In document capture projects, whether they’re for conducting imaging of documents on paper or capture from mobile units, it’s important to choose a file format that, after the scanning of documents, allows us to save those documents with the highest quality and most information possible. With this in mind, we’ve got two winning formats:
- TIFF (Tagged Information File Format): These files carry the .tif or .tiff suffixes. TIFF is a 27-year-old creation of Adobe that had the objective of creating a standardized format for document imaging. TIFF is probably the best option for preserving images for more than one reason (there are one or more pages, it supports all means of color coding and many algorithms for document compression), although it has one major drawback: the size of the files. Sharing images in TIFF format probably isn’t the best solution, but capture or document management solutions have options for converting .tiff files in easier-to-carry formats.
- PDF (Portable Document Format): The standard for open format, converted into an international standard by the ISO. It’s another one of Adobe’s inventions, and even though it’s a bit younger, it’s more widely used than TIFF is. In order to guarantee the survival and conservation of PDF documents, ISO32000 tells software developers who produce, read or operate with PDF files the characteristics that these files should have. PDF handles multi-page documents and its strongest point is that it allows users to visualize documents independently from the tech environment it was created in, or in which it’s being viewed (multiplatform). There are a lot of different classes of PDFs and the two most important groups are normal PDFs and image PDFs. True PDFs (“normal” PDFs) include formatted text and users can search within the content, or copy and paste text. The second group is image PDFs (Wrapped PDF), which consist of a PDF format that contains an image, generally in TIFF format. Because they’re images within a PDF format, you can’t search in the text or copy/paste text. In this category of PDFs, OCR software is vital for indexing file content, doing searches or extracting data. There’s also a third group called “Searchable” PDFs, which is an image PDF that can have a layer of text added to it. This layer is generated by an OCR motor and offers all of the possibilities that a normal PDF offers.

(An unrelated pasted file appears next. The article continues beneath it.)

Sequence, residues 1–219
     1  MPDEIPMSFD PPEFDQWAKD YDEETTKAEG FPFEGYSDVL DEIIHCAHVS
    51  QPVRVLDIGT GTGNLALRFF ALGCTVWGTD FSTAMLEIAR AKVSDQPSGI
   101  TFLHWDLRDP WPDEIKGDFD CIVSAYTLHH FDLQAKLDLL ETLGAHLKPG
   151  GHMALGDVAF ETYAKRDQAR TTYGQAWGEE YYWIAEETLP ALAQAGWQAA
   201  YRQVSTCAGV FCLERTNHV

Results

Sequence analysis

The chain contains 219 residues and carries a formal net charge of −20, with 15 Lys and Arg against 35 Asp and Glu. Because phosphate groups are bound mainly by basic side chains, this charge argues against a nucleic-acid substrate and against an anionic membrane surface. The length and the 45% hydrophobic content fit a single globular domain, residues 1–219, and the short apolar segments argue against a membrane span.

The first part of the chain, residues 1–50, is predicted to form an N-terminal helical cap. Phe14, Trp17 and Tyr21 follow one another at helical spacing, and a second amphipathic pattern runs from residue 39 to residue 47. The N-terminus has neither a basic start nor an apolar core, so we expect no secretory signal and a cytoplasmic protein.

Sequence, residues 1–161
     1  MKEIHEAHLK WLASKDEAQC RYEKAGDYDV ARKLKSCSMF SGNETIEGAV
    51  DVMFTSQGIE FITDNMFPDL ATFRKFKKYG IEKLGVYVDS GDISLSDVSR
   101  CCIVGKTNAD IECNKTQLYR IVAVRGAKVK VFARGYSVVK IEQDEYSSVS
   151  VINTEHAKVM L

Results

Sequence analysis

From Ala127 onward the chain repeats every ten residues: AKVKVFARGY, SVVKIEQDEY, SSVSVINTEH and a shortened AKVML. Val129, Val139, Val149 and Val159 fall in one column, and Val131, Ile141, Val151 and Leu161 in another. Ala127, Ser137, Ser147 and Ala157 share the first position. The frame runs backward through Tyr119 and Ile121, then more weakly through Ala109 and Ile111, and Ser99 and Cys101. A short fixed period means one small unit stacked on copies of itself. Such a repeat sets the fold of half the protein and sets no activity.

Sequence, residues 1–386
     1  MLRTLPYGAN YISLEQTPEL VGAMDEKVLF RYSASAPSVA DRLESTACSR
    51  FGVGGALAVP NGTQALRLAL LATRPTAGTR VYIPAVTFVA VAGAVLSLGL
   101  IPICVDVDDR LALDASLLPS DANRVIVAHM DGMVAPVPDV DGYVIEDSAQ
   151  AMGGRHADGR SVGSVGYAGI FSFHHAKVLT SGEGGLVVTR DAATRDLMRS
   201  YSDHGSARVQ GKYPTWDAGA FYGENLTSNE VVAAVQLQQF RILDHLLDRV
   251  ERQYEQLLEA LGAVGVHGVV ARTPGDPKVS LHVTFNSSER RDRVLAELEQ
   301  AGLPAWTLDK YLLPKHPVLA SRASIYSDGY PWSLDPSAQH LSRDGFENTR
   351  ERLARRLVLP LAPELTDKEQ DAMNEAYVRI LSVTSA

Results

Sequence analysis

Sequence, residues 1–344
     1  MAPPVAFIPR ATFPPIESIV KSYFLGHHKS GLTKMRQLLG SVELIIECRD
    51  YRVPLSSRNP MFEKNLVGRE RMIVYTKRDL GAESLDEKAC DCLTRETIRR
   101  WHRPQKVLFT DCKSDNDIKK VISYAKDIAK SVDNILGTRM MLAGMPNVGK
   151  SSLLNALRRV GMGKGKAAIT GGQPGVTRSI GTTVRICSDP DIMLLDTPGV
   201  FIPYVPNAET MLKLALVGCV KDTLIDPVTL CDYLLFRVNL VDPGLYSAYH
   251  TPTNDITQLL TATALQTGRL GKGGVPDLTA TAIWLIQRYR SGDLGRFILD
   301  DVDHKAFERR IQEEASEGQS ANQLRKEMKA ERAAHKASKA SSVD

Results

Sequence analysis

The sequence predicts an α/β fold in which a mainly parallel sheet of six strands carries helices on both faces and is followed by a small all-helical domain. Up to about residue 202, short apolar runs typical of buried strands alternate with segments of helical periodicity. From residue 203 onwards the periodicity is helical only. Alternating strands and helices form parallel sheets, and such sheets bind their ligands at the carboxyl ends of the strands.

In a future post, we’ll explain how to choose between the two formats; today, we just wanted to highlight the two formats that are most commonly used when it comes time to undertake a document imaging project.